New Research Shows Childhood Play Impacts Future Career Paths
by The Genius of Play Team
What do you want to be when you grow up? It’s a question that everyone hears at some point in their life, and according to new research nearly half of adults surveyed (43%) say they are living out their childhood dream jobs.
Commissioned by The Genius of Play and conducted by OnePoll, a recent survey of 2,000 adults in the U.S. with children ages 3–14 revealed an interesting connection between childhood playtime and chosen career paths.
“Fake it till you make it!” might be a common expression in the real working world, but this new research proves that there is some truth to roleplaying the job you want —especially as a child.
A third of adults surveyed said how they played as kids impacted the careers they pursued later in life, and on average, respondents reported deciding on their dream job by age 7 and landing that job by age 23.
The survey looked at factors that influenced their careers, with 32% reporting the toys they played with as a child influenced their career path. Other factors ranged from the activities (sports, clubs, etc.) they participated in (50%) to the media they consumed (40%), as well as the careers of their parents (34%) and influence of friends and siblings (21%).
In addition, most employed adults surveyed reported implementing many of the soft skills they learned through play as kids in their daily jobs today. These skills include creativity (56%), teamwork (50%), problem-solving (42%), empathy (41%), and communicating with others (39%).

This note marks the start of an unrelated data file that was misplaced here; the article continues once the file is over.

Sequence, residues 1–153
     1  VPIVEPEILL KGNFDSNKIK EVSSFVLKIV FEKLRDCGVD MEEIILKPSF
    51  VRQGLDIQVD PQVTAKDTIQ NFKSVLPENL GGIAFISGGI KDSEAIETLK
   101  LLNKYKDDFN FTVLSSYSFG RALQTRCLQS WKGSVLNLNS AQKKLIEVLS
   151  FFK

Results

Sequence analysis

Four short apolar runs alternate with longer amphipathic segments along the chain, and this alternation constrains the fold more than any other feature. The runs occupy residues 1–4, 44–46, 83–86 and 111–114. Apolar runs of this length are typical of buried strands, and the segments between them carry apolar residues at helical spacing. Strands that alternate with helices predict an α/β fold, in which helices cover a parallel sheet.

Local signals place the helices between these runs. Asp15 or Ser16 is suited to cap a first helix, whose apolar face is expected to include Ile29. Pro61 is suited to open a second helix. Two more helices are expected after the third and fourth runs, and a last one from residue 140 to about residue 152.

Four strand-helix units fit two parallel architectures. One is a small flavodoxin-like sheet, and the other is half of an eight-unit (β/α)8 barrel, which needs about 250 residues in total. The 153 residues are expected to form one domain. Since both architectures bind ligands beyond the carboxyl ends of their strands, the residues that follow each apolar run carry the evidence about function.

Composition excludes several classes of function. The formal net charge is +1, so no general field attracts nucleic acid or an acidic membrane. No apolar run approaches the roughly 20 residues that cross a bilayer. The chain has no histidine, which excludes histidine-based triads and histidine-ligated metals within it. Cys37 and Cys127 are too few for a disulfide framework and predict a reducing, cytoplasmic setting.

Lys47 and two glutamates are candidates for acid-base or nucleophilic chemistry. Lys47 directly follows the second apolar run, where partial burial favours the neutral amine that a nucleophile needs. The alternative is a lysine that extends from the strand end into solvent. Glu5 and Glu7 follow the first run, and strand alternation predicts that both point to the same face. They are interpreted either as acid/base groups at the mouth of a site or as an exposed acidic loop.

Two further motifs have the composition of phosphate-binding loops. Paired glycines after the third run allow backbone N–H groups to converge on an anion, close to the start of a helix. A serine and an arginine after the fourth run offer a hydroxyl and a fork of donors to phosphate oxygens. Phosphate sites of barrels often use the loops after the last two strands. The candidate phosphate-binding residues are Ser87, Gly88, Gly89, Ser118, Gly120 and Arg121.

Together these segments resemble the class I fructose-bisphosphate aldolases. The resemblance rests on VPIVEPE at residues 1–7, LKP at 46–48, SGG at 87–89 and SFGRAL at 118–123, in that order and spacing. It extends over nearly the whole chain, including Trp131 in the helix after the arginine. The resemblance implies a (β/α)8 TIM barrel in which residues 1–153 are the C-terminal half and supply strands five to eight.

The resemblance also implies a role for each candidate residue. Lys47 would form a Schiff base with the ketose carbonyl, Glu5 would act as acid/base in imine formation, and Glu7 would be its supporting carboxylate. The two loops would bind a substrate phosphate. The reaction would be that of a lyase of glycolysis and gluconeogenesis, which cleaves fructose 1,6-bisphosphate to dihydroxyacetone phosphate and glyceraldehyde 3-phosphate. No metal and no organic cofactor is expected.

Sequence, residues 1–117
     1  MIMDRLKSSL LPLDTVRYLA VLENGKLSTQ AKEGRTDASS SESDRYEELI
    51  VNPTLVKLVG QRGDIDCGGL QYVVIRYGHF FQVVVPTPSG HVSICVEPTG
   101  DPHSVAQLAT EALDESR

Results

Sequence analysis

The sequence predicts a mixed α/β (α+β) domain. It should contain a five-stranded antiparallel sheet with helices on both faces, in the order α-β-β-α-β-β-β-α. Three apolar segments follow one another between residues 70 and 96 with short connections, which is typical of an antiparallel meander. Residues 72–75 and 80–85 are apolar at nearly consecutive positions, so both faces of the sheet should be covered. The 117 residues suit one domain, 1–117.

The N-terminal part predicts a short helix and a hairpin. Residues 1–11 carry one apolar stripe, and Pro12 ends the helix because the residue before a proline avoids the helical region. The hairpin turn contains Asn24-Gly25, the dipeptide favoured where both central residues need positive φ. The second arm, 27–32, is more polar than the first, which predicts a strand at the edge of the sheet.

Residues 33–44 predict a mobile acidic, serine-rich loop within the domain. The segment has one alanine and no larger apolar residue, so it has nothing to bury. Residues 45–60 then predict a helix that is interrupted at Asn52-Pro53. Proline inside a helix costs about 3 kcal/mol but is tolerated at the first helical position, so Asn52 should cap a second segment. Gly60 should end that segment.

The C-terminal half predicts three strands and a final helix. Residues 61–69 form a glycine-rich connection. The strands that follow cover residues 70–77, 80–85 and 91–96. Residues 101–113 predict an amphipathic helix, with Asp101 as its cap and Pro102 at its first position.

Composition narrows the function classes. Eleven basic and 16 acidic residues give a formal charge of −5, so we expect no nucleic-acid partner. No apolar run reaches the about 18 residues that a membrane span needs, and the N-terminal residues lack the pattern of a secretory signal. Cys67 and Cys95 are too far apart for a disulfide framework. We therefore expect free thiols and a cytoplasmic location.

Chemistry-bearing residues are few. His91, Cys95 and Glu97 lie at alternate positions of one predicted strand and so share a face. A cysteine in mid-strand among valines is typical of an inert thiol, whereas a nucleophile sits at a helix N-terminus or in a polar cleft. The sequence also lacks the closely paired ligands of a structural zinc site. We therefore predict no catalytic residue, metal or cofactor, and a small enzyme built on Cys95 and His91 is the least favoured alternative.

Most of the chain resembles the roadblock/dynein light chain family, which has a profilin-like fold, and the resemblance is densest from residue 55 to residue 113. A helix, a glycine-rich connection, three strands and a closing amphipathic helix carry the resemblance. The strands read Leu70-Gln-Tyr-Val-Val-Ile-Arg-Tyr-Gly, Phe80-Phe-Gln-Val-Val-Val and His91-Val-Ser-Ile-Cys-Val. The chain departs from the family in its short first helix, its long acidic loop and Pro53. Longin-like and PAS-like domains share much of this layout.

Playtime hobbies aren’t just childhood pastimes to reminisce about either, but interests that many respondents have carried over into adulthood. From drawing to music to writing, science and more, these survey results emphasize that play continues to be a powerful tool at any age.
Eighty-six percent of those surveyed are now encouraging their own kids to play with toys to learn valuable skills they, too, could use as adults. While the majority of those surveyed reported frequently encouraging their child to play with toys that would enrich their learning, many also hoped those toys would inspire future careers in specific fields such as the sciences, tech, engineering, the arts, and mathematics.
And whether a child makes the leap from roleplaying as a doctor to becoming one at the end of the day isn’t what matters. What does matter is that they are having fun in the process!